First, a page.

Interview with Francois Richard: Music for Your Whole Day

Richard-Lipsky-Herskowitz trio Richard-Lipsky-Herskowitz trio

The Richard-Lipsky-Herskowitz trio recently released their album Azimut(h) making a unique and highly listenable fusion of jazz and classical music. Here are some highlights from my recent chat with flutist and composer Francois Richard.

Stephanie Weiner(SW): Tell me about how you got started in music, with the flute?

Francois Richard (FR): My mother was a music teacher, she played piano, she used to play cello, and the recorder. My father was a photographer and sang opera. So, I came from an artistic family. I started with the recorder at eight years old. My uncle gave our family a learning book from Mario Duschesne, and I started playing right away. I knew musical theory at six years old, so I started to learn like that. I played for one year, then the second year, I was playing Bach concertos. I loved it. Then I saw a flute player in the CAMMAC amateur symphony orchestra  and the real flute, the transverse flute, and I really loved it. I was listening to jazz on the radio too and decided I preferred that to the recorder. Then I went to the Montreal Conservatory.

SW: In your musical journey, when did you first meet with/play with Matt Herskowitz and Helmut Lipsky?

FR: Matt, I started playing with in 2009 or so, and Helmut joined our duet three years ago or so and we formed a trio. I knew Helmut before that but we only got together to play every once in awhile. They are from New York (Matt) and Germany (Helmut), but live here in Montreal.

SW: When you got together to make your recent album Azimut(h), you made a very unique mix of different styles. Where did this idea come from?

FR: It’s a mix of all our different influences and styles. Herskowitz does mix classical and jazz. I did a lot of this too, but he’s the specialist. When we were in New York, I wrote pieces for us to improvise. We have a couple of Bach pieces we played in concert, as well. Helmut is more the classical artist, playing the violin.

SW: It’s really neat hearing the blend of the different influences on the album. What is your process for composing a piece?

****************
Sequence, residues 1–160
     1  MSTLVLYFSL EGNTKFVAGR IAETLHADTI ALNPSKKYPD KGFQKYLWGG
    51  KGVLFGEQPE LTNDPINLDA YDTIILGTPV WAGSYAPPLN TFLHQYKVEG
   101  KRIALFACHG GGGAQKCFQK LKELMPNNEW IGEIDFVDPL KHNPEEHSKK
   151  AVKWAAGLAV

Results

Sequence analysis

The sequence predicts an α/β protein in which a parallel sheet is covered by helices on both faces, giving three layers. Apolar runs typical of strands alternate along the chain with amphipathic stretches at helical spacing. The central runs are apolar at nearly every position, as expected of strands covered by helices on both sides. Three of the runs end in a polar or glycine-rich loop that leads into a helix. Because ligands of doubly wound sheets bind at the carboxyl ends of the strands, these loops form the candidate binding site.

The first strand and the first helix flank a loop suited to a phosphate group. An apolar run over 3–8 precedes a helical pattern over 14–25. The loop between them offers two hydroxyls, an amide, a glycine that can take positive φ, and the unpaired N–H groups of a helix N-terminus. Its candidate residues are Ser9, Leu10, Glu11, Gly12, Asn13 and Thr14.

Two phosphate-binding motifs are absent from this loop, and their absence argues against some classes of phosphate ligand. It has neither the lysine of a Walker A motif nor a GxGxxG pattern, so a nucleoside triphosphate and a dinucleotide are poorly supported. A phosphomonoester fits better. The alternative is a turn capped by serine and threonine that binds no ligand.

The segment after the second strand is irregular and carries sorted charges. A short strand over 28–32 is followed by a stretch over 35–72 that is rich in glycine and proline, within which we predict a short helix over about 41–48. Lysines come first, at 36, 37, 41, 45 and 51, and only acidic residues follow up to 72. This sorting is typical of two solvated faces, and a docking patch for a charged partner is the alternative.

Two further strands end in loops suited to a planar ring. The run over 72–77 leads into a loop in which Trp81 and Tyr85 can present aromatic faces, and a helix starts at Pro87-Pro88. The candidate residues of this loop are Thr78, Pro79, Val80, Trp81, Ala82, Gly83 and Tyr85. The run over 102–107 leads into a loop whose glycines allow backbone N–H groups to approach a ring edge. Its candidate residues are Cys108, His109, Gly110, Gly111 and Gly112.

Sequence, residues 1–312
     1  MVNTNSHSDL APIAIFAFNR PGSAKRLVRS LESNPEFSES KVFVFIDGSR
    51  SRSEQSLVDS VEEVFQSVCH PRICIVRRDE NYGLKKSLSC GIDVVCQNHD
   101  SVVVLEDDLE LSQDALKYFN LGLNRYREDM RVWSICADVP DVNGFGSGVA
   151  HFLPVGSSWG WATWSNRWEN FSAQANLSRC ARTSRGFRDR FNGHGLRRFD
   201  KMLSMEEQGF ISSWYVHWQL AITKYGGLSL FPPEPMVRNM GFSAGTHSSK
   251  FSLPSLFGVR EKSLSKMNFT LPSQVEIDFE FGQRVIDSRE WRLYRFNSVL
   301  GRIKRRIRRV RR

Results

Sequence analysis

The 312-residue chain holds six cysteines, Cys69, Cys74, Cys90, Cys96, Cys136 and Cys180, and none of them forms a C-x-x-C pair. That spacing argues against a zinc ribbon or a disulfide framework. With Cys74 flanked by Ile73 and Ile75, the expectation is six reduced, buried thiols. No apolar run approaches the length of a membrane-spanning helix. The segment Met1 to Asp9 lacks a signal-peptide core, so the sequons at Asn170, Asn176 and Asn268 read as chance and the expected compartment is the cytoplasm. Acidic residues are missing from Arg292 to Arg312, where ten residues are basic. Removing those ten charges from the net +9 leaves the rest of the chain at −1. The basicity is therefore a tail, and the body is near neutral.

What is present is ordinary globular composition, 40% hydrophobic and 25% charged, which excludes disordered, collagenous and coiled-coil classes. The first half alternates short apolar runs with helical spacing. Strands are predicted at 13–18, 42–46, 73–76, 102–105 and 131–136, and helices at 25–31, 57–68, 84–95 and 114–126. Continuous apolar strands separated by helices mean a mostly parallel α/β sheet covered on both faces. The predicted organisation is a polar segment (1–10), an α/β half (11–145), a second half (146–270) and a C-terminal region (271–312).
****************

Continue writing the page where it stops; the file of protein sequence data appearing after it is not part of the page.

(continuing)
FR: I get inspired, sometimes I write music as I hear it in my head, then put it on paper, or with software. This is a fast way to get it out to share with other musicians to play along. It’s much faster but you still need to have an idea! The software doesn’t do the job of writing the music for you. I use Pro Tools and Sibelius. In my home studio I do editing as well.

SW: The different songs that came together for the album, is there a theme among them? A story being told?

FR: Well, as the producer for the album, while I didn’t work alone, I mainly chose what I thought was the best from songs we had performed in concert. We’re just trying to play good music and that’s it. I arranged it for it to make sense too, so there is a certain logic to it where it is clear a musician has done it.

SW: Will the trio be going on tour to promote the album?

FR: This coming April 22 as part of the Jazz Fest we’ll be at the Astral. This hall has a cabaret so people can eat and drink. It’s a really nice set up that is comparable to New York, no, I would even say better! Even where I’ve played at Lincoln Centre in New York, it’s an upscale jazz club, but  still not as big as the Astral.

SW: Sounds like the perfect venue to enjoy jazz.

FR: For this special event we will be 12 musicians, so there will be songs from a digital album Symbiose released last year and from Azimut(h). We’ll play some jazz standards, some of my original music and then the trio Richard-Lipsky-Herskovitz will play some songs from the album. There will be a lot of variety. It’s gonna be all dressed, like a pizza. (laughing)

For tickets, click here.

Trio Richard-Lipsky-Herskowitz at l’Astral (305 Ste-Catherine W) on April 22 at 8 p.m. $25-29, students $15-18.